Another great spring raptor migration day

Another great spring raptor migration day

The second half of April is a favorite time of year for area hawk-watchers. The annual flights of raptors peak from mid-to-late April in our part of the world. The best days depend on the weather, with south winds providing the assistance raptors need to quickly head back to their northern nesting locations.

This year the peak flight came later than usual. After warm days early in the month, several very cold and snowy days slowed the migration. Finally, on April 27 the raptor movement materialized in a big way. Twenty-five local hawk-watchers arrived early in Conneaut, Ohio at a park on the west side of town. They were not disappointed as the action picked up quickly.

Between 8-9 a.m., 50 sharp-shinned hawks were counted, and the following two hours saw over 90 sharpies going over each hour. The accipiters kept counters busy all day with a great total of 507 sharp-shinneds and 21 Cooper’s hawks.

Accipiters are fun to watch, but the real excitement began when broad-winged hawks began to show up in the west and coming overhead. As usual, they started slowly the first several hours, but by noon over 900 had been counted. All afternoon they kept coming, with the peaks totaling 503 in the 1 p.m. hour, 419 in the 2 p.m. hour and 695 from 3-4 p.m. After that there were still 522, 468 and 126, with things finally shutting down around 6:30 p.m. By then the broad-winged total had reached 3,889 — an amazing day for Ohio. Other buteos included 38 red-tailed, two rough-legged and three red-shouldered hawks.

Ospreys also were moving with a total of 24 for the day. Northern harriers reached a similar total of 22. Falcons were well represented with 29 kestrels, four peregrines and an excellent total of 10 merlins for the day.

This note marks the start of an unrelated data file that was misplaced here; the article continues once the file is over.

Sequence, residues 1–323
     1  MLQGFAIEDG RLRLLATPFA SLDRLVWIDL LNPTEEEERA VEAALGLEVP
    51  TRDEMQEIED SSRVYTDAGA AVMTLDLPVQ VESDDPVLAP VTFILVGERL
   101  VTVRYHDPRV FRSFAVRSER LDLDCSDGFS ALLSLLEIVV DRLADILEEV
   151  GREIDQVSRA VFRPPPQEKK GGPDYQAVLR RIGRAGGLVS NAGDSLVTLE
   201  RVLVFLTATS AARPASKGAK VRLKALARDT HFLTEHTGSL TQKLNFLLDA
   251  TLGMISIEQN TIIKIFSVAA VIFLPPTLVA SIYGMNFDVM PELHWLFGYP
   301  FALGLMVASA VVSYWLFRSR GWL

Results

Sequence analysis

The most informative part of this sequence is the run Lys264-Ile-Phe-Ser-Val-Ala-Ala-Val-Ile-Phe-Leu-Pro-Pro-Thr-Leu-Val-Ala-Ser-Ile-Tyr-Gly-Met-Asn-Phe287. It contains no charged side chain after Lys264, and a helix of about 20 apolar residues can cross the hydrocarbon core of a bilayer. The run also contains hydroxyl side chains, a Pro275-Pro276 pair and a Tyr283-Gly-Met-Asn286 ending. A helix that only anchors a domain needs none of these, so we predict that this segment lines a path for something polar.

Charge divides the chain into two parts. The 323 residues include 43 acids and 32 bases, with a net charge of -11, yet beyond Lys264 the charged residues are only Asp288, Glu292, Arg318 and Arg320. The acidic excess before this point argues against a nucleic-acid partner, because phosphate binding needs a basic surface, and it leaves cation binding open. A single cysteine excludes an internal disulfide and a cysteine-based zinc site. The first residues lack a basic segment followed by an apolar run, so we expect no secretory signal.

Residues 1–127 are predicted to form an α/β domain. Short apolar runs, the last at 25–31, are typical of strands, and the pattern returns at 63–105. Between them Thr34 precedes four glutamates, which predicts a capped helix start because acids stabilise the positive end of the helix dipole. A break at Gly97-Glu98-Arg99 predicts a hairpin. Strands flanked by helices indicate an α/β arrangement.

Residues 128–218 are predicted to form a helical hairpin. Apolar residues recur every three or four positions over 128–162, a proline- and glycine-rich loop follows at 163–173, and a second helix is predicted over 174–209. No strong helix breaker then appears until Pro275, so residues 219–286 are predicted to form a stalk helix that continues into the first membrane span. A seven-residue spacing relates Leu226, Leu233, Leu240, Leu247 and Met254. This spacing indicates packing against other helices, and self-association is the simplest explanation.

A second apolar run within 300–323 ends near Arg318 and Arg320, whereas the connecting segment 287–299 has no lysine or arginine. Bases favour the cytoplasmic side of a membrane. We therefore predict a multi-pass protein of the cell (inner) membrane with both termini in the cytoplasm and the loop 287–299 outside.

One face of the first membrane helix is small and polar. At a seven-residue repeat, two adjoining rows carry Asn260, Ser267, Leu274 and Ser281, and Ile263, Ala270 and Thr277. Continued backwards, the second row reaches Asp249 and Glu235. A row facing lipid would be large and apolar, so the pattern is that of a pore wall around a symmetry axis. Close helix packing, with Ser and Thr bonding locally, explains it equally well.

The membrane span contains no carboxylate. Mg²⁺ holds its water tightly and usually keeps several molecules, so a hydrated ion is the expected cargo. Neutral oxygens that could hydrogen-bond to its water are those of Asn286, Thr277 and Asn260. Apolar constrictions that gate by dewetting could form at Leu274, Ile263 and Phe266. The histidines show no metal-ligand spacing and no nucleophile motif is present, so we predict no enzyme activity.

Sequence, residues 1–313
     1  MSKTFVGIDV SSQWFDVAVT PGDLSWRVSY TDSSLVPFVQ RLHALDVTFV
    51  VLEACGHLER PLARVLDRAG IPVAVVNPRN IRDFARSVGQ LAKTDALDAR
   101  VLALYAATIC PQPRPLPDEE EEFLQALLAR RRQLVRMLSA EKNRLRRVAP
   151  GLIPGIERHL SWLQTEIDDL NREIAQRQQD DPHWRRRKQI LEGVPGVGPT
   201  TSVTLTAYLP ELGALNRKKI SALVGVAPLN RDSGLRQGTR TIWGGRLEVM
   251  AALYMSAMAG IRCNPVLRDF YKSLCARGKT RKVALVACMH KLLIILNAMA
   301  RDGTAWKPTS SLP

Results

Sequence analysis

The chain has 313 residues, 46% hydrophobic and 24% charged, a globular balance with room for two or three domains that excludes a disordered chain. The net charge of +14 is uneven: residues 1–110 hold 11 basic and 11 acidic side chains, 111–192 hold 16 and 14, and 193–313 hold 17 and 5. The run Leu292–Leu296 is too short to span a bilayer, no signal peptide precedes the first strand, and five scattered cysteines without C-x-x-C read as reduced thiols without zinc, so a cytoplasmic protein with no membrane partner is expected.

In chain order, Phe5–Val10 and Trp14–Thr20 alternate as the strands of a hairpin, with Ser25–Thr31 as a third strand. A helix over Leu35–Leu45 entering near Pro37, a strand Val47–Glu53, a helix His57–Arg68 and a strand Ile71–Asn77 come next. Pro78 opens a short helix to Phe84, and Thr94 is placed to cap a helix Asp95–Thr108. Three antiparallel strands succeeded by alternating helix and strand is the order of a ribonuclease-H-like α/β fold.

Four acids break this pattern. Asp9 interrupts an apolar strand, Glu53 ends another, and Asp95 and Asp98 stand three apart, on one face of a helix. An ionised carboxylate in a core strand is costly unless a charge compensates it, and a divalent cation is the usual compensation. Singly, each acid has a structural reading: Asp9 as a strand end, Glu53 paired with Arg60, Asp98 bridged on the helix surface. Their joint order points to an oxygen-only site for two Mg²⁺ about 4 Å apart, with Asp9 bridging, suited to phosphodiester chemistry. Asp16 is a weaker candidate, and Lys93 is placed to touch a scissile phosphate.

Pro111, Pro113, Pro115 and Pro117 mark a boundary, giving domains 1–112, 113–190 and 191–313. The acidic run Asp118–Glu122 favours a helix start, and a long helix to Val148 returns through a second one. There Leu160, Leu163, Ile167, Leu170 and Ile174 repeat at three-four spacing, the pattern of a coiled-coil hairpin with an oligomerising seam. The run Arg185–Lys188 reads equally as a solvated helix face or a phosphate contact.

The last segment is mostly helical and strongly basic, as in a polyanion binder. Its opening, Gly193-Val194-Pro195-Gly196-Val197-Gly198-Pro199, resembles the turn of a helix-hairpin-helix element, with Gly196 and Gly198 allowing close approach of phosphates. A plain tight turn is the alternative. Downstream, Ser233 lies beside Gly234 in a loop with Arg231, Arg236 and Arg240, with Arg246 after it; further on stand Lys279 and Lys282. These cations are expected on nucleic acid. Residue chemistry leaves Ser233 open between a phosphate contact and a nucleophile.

One lone golden eagle in the 4 p.m. hour added to the excitement. It’s always difficult to count bald eagles because there are both local and migrant bald eagles around during the day, but the best estimate was 20 migrant bald eagles.

Other birds included 135 turkey vultures, six white pelicans, two common loons, one fish crow, 23 purple finches, pine siskins and an evening grosbeak.

Meanwhile, on the same day, a number of birders were counting raptors at home in Holmes County. Numbers for the day varied with the best count coming from the Ed Schlabach place near Sugarcreek. Ed and a number of other birders had an excellent total of 332 broad-winged hawks from 8 a.m. until 6:45 p.m. They added 12 sharp-shinned and 12 ospreys for the day. There were 150 broad-wings in the 10 a.m. hour with a nice kettle of 24 birds helping make it a memorable day.

Out here in Northern Indiana, we don’t get any big raptor flights, but we have been seeing a lot of newly arriving birds. Our morning birdwalk on April 28 totaled 70 species and 13 warblers along a 1-mile walk. Later in the day I drove to the Pigeon River Fish and Wildlife Area and the Rome City Wetlands, adding another 20 species. It was a delightful spring day, and I rarely see 90 different kinds of birds in one day in April.

Good birding.

Bruce Glick can be emailed at

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